(SportsNetwork.com) – It may indeed be true, but the “at least we’re better
than Jacksonville” battle cry probably won’t be too inspiring to the Tampa Bay
Buccaneers’ fan base.
The Bucs enter Week 6 still in search of their first home victory of the 2014
season, which they’ll try to get on Sunday from a visit by the Baltimore
Tampa Bay has allowed an uninspiring 31.2 points per game through five –
better than only the hapless Jaguars – and their total yardage allowed clip of
412.4 yards per week is third-worst in the league. In the last three games, in
fact, the Buccaneers have given up an average of 39 points after they’d
allowed just 39 total through games one and two.
New Orleans beat them, 37-31, last week in overtime after racking up 511 total
yards and erasing an 11-point deficit in the final quarter.
Help is on the way in form of linebacker Mason Foster, who’ll return this week
after a shoulder injury that has kept him out since Week 2 against St. Louis.
“I’ll get a chance to run around and hit people in pads,” Foster said. “I feel
good, so it’s looking good.”
On the offense, it’s the next chapter in the Mike Glennon Era as the second-
year quarterback prepares to make his third straight start in place of veteran
Josh McCown, who’s still hampered by an injured right thumb. The Bucs have
split Glennon’s first two starts while he’s averaged 275.5 yards passing while
throwing four touchdowns against two interceptions.
Baltimore’s pass defense is 27th in the league through five games.
Tampa Bay, however, has been dogged repeatedly by penalties and turnovers.
It has given the ball away 11 times in five weeks (tied for second-most in the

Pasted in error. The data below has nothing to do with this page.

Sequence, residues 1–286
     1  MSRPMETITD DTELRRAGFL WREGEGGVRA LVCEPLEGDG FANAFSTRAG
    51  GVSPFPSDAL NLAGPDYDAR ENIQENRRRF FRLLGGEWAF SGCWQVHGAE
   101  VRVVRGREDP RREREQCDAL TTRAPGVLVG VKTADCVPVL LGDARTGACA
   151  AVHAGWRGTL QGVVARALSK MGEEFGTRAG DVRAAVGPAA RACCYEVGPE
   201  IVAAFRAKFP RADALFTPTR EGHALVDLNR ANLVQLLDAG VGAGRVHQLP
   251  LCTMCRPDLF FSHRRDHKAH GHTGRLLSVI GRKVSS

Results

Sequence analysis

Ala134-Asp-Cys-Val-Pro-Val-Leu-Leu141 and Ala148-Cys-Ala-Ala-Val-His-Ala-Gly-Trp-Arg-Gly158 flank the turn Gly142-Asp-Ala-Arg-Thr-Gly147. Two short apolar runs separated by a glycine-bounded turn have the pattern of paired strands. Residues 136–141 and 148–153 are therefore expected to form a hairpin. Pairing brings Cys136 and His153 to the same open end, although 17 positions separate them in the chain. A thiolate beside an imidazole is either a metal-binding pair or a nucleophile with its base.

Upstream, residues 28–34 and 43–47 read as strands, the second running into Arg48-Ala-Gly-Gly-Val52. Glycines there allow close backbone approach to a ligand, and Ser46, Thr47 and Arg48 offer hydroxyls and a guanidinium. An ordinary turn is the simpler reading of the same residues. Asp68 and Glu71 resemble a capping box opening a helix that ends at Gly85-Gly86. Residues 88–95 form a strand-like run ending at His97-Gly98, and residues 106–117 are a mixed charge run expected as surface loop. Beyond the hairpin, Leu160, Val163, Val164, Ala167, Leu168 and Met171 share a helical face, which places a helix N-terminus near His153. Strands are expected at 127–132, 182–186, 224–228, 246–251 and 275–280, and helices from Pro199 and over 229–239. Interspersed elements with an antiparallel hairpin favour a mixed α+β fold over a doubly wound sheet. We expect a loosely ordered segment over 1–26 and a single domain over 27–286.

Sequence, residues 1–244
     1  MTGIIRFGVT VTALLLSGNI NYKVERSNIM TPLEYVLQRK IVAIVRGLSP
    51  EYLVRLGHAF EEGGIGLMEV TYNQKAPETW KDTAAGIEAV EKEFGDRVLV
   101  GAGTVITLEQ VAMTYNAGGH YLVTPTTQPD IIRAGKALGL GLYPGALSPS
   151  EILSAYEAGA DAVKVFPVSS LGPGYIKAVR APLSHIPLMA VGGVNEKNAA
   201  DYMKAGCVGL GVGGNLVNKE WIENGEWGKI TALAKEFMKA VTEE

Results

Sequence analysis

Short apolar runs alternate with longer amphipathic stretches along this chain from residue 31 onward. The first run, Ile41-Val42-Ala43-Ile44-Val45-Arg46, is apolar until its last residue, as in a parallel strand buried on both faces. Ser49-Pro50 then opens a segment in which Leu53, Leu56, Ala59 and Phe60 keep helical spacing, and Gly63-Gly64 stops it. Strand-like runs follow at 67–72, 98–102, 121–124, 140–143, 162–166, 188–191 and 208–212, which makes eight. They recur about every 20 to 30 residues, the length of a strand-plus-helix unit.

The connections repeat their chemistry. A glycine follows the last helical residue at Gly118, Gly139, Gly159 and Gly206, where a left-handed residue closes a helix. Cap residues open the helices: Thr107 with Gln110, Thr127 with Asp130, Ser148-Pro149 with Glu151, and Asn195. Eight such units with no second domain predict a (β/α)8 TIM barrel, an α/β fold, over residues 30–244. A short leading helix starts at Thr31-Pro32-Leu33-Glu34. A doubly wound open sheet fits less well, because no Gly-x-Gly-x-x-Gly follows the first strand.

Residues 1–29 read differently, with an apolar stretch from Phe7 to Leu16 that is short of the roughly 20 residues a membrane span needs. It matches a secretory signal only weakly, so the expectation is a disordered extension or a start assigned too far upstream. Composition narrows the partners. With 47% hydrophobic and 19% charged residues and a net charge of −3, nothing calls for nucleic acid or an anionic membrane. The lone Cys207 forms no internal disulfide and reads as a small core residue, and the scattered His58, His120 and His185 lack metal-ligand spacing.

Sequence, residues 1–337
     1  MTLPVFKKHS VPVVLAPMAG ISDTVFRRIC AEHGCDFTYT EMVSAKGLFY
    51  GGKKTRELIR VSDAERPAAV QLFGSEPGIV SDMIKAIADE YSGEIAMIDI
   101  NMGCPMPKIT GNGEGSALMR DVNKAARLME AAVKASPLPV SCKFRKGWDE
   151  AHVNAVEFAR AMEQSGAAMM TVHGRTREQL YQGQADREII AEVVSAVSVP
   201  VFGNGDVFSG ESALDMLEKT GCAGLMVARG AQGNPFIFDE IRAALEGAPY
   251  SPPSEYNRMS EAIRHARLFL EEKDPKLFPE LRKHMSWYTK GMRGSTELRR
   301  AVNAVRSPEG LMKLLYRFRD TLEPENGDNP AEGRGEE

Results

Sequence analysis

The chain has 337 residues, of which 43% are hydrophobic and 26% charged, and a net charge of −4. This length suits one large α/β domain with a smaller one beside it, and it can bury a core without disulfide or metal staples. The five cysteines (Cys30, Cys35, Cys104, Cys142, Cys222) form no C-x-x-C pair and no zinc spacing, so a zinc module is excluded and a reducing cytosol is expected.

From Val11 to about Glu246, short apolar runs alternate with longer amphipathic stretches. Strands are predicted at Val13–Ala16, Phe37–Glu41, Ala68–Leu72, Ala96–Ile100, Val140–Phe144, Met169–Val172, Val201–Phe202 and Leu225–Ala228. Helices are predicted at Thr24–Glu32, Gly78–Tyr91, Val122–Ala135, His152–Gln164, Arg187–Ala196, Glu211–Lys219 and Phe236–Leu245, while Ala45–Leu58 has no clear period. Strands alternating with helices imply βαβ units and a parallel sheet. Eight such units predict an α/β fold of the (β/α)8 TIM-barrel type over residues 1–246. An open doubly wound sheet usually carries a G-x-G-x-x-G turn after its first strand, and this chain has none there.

league) and committed 15 penalties for more than 100 yards against the Saints.
In the last three games, the Buccaneers have been flagged 35 times for 273
“We are not where we want to be and our record says that,” Glennon said.
“Maybe we are getting better, but better isn’t good enough if you aren’t
winning. We need to keep working and to keep staying together, and I am sure
those wins will come.”
Wide receiver Mike Evans remains a question mark after a groin injury kept him
out of last week’s game, and he was limited in his participation in
Wednesday’s practice. On the flip side, Baltimore is without cornerback Asa
Jackson, who’s on recallable injured reserve with a sprained toe he suffered
last week against Indianapolis.
Jackson’s absence presumably opens the starting door for Lardarius Webb.
As a whole, the Ravens’ defense is third in the league with just 16 points
allowed per week. But it’s on offense – specifically, on the ground on offense
– where coach John Harbaugh wants to make a mark.
Baltimore gained a season-low 287 total yards in a seven-point loss to the
Colts in Week 5 after running the ball just 15 times. In three victories, the
Ravens have averaged 33 carries and 148 yards.
The run game is churning out 4.69 yards per carry thus far, a quantum leap
from the 2013 average of 3.14 yards that was worst in the league. Avoiding
turnovers is also a key, after Baltimore committed three against Indianapolis.
“I just want to get yards,” Harbaugh said. “Five yards a carry would pretty
much lead the league. To do that, we have to rip off some long runs and let’s
be good with three different guys. That’s what we need to do. So, we’ll roll
those guys in there.”
WHAT TO WATCH FOR
Hey, You Look Familiar
Third-year running back Bobby Rainey has emerged for the Bucs as incumbent
Doug Martin continues to struggle with injuries, and he’ll meet up with some
old friends on the field this week.
Rainey was on the Ravens’ roster, though he never played, as a rookie in 2012.
He’s averaged 4.7 yards and scored once on 47 carries this season, but will be
challenged by a unit that’s eighth-best in the NFL in stopping the run.
Fertile Running Ground
Harbaugh’s mandate for five yards per carry is well-timed, considering the
Buccaneers’ defense and its aforementioned struggles. Tampa Bay has allowed
113 or more rush yards in four of five games, including 144 and 140 in its
last two losses.
Justin Forsett, Lorenzo Taliaferro and Bernard Pierce are each averaging 4.4
yards or better per attempt, with five touchdowns scored between them.
Though the record says 1-4, there’s only been one blowout, while the other
three losses have been by a combined 14 points. So the Bucs are clearly close
to turning it around.
Problem is, they’re facing a team in Baltimore that’ll be content to grind and
grind and grind, which is precisely what Tampa Bay has had its hardest time
dealing with. Plus, the Bucs simply don’t score consistently enough.
Sports Network predicted outcome: Ravens 24, Buccaneers 14